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The explanations all make it seem so basic. Now I'm just disappointed we are building the International Space Station - in the 21st century no less - with no artificial gravity via centrifugal force being implemented!

(Oh wait. Didn't the Mir have that? At least that's how it was depicted in "Armageddon." )
Old 04-30-03, 10:18 AM
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Would the technology shown in 2001 work? Or would it have to be spinning at an unreasonably fast speed to simulate Earth gravity? Or would it just make you barf?
Old 04-30-03, 10:49 AM
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Yes it would work. The rate of spin required to maintain an equivalent of 1g is dependent on the diameter of the station (v^2/r).

And no, you only barf if your inner ear (sense of motion) is scewed from your visual sense of motion.

Part of the problem with such a stations is illustrated nicely in the movie. If the station is too small, you have that curved effect when looking straight (tangent to rotation). If you make the station large enough, you can minimize that, but then it gets expensive.
Old 04-30-03, 11:00 AM
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Originally posted by Pants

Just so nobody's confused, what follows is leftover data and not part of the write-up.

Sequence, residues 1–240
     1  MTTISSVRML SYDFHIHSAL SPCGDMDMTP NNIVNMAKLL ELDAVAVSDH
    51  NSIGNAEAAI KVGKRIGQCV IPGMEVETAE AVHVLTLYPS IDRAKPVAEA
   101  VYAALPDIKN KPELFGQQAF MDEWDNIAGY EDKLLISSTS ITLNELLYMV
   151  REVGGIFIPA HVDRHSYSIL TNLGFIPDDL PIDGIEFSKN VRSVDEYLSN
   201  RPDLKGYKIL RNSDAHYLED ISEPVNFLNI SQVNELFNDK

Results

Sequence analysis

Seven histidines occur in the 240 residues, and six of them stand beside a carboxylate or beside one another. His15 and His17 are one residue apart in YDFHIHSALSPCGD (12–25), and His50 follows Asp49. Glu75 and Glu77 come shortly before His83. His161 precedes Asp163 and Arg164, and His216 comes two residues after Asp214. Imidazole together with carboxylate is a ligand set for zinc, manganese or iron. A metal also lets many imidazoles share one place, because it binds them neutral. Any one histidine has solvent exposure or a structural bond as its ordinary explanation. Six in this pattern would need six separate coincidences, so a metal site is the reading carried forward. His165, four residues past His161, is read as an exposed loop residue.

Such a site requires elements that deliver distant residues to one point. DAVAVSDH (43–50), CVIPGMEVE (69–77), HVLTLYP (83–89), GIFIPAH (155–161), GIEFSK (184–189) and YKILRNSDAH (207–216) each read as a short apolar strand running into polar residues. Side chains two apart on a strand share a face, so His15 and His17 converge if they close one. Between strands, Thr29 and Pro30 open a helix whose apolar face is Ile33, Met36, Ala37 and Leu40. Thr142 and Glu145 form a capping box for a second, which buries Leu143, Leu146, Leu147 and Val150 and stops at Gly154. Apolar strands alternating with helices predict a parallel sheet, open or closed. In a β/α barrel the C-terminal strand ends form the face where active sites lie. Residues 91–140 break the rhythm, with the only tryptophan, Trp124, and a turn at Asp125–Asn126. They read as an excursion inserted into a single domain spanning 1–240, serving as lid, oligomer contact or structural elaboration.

Would the technology shown in 2001 work? Or would it have to be spinning at an unreasonably fast speed to simulate Earth gravity? Or would it just make you barf?
Of course it depends on the size of the space station how fast it would have to spin to simulate one gravity at the outer wall.

According to this:

How fast does a space station rotate anyway?

for a space station with a diameter of about 4 miles the outer rim would have to be spinning at about 400 mph.

If the station were only 1000 meters in diameter (1 kilometer, about .62 miles), it would have to spin at about 155 mph.

If it were only 100 meters in diameter it would need only about 50 mph.

(If my calculations are correct. )

Last edited by movielib; 04-30-03 at 11:08 AM.
Old 05-01-03, 04:39 PM
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quote:Originally posted by movielib
Let's let Einstein explain it:

Originally posted by Pants
Oh what the f*** does he know?
Yeah! Doesn't he have Ass Burger Syndrome, anyways???